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Sunday, December 20, 2015

'Bomb bag' designed to resist the bomb explosion on the plane

A controlled explosion in the aircraft baggage successfully retained by a layer of anti-bomb developed by an International researchers team. The technology that shows how the plane luggage could probably withstand the force of an explosion if the device is hidden in a suitcase exploded.

The Fly-Bag is made from multiple layers of fabrics and composites that have high strength and impact, and heat resistance. The fabric layer contained Aramid, heat resistance and strong synthetic fibers are used in the aerospace industry, also for bullet-proof vests.
The bag is made from millimetre-thick Kevlar and is flexible, allowing it to capture the pressure generated from an explosion. (Picture from: http://bbc.in/1OQps2O)
Flexibility of the layers that increase resilience to tame an explosion and blast fragments, said Dr. Andrew Tyas from the Department of Civil and Structural Engineering, who led the research at the University of Sheffield, UK.

He added, the Fly-Bag acts as a flexible membrane rather than a rigid container that can rupture due to collision. Test explosions in the laboratory proved that the Fly-Bag prototype can hold a controlled explosion in the trunk of a Boeing 747 and Airbus 321, which is used for the latest testing.
An equivalent bomb had a devastating impact on the airframe without the containing device. (Picture from: http://bbc.in/1OQps2O)
In those testing, first the researchers create a controlled explosion in the baggage without Fly-Bag coated. The explosion causing a gaping hole in the fuselage, which can be fatal if the plane was traveling at high altitudes.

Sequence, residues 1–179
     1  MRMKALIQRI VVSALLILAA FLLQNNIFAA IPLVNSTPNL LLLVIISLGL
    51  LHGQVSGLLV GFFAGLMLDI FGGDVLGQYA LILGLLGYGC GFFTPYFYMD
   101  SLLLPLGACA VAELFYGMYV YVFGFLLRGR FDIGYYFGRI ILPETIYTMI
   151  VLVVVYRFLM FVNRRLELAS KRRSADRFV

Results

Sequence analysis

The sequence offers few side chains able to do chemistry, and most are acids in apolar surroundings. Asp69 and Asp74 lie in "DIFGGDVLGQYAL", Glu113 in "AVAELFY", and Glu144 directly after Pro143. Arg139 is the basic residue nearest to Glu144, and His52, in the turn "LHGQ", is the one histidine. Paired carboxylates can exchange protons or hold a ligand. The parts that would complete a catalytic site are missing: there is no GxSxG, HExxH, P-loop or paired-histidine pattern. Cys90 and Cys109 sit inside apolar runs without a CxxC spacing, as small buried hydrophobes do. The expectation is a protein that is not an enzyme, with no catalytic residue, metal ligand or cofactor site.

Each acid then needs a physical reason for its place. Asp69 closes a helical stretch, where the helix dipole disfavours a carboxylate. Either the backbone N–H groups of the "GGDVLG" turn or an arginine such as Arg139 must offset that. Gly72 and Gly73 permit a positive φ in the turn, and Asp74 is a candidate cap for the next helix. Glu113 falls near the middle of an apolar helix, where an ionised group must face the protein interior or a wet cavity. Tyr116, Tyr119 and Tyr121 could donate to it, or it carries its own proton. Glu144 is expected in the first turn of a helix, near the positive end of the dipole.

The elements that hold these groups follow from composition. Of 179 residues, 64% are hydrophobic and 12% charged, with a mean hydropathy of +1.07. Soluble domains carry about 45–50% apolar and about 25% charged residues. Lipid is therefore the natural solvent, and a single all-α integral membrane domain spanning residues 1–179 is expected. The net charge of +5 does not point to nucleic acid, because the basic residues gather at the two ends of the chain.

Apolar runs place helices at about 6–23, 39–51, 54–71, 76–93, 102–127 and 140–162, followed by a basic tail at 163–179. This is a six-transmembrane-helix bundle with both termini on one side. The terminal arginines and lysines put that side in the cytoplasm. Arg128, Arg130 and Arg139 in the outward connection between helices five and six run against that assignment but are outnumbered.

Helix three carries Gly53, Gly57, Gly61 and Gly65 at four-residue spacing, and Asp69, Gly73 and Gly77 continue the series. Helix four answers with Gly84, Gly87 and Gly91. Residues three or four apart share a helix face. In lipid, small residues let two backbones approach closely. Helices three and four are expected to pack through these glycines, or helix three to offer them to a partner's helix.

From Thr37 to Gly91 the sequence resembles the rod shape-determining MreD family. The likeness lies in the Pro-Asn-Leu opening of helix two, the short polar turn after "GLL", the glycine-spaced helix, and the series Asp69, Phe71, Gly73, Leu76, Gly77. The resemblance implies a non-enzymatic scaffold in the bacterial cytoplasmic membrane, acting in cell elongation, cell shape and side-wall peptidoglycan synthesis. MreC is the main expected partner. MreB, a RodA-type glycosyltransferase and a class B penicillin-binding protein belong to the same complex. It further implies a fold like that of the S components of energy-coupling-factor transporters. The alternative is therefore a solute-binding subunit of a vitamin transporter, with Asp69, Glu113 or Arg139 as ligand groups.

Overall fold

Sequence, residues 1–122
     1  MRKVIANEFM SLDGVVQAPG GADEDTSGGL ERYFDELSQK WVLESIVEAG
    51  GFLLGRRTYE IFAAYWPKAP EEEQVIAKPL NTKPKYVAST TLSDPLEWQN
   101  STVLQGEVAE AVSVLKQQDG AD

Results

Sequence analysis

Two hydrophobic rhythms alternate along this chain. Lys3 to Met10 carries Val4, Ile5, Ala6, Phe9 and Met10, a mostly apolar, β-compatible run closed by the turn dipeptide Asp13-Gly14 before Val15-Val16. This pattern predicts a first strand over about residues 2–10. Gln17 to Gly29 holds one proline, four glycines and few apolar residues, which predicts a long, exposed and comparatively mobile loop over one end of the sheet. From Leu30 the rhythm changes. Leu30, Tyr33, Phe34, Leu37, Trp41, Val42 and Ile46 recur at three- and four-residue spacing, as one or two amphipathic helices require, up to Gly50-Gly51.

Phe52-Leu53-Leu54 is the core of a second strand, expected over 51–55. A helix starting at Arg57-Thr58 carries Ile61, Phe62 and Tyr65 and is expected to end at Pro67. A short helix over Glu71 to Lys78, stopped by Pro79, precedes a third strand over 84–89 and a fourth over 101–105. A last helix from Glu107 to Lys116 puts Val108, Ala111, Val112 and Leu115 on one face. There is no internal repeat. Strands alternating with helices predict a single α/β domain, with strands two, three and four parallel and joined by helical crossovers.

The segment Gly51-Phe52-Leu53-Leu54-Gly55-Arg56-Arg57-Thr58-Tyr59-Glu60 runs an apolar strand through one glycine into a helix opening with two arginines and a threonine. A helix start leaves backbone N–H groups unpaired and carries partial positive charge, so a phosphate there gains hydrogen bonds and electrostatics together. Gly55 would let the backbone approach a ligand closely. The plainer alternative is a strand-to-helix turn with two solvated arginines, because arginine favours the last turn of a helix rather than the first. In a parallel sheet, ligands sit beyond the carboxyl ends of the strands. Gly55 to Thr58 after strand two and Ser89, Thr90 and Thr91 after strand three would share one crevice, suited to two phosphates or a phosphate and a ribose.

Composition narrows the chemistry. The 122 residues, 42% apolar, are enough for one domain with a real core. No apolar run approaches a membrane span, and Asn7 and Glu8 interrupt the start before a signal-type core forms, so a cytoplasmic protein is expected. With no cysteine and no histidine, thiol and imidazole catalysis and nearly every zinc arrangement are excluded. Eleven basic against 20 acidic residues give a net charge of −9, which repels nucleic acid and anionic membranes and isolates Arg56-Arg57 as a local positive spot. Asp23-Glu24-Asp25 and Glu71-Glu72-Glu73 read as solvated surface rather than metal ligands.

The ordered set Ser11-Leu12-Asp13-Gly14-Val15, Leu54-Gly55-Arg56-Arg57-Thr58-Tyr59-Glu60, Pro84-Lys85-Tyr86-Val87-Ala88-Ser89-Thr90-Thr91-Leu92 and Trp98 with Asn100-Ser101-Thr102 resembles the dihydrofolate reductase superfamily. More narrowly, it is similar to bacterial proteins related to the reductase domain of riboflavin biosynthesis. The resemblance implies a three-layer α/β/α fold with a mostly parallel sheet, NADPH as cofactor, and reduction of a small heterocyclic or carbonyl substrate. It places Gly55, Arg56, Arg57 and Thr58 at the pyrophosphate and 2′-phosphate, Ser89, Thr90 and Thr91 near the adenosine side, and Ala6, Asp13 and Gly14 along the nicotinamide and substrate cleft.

In the second test a bomb placed in a suitcase and put in the trunk coated with Fly-Bag. The camera footage shows the bag slow movement when the explosion showed the bag expands and contracts but not torn. The integration of fuselage structure intact.
Luggage within the protective bag has been damaged by a bomb but the aircraft is intact. (Picture from: http://bbc.in/1OQps2O)
Renowned British security consultant, Matthew Finn said the Fly-Bag can be a lifesaver when someone managed to smuggle an explosive device into the plane.

"The risk that we always face in aviation security is whether someone can put something in the air. So a lot of our time and attention focused on the risk mitigating of people put something on the plane," he said.

"What's the Fly-Bag did actually accept that it could be someone managed to put something in the plane. And therefore, the next question becomes how we can mitigate the blast effects of the explosive device in altitude in the plane," he added.

The need for a mitigation of explosive devices in the aircraft increased on October 31, 2015, when a bomb destroyed the Russian passenger plane over Egypt and killed 224 people on board. ISIS claimed responsibility for the attack, and issued a photo of Schweppes soft drink cans which used to make homemade bombs that destroyed the Russian aircraft.

Explosion experts say that the explosive device seen in the photo was made possible destroyed of the aircraft, depending on where was it located and the explosive density in the beverage can. The most vulnerable location include the fuel pipe, cockpit or any area which is close to the fuselage skin.

The attack was parallel with the bombing of Pan Am Flight 103 by Libyans over the town of Lockerbie, Scotland, in 1988.

The investigation showed explosives in a palm-sized cassette recorder in a bag in the trunk has caused rips a hole about 50 centimeters in the fuselage and decompression causing the plane broke up in the air.

As a director of security consulting Augmentiq that offers tools to increase security at airports, seaports and international borders, Finn said the Fly-Bag can be considered as a way to mitigate such an explosion on the plane.
"I think it has got the capacity to change how we see the luggage. We spend a lot of time thinking about the reconciliation of passengers and their bags; since 1988, since the Lockerbie disaster, it becomes a big focus in the aviation industry," he said.

"What the Fly-Bag did was a look at those situations where there may be a device in the plane, and how to overcome them. I think this is an exciting development and I would like to see more," he said.

As qouted by Reuters, Fly-Bag is developed by a European consortium which includes Blastech, companies from the University of Sheffield, as well as their counterparts from Greece, Spain, Italy, Sweden and the Netherlands. *** [EKA | FROM VARIOUS SOURCES | REUTERS]
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